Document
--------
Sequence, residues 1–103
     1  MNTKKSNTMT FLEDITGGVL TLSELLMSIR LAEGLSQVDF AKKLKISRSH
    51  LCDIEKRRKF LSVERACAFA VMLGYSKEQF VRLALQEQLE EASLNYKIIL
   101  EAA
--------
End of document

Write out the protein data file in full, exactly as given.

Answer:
Sequence, residues 1–103
     1  MNTKKSNTMT FLEDITGGVL TLSELLMSIR LAEGLSQVDF AKKLKISRSH
    51  LCDIEKRRKF LSVERACAFA VMLGYSKEQF VRLALQEQLE EASLNYKIIL
   101  EAA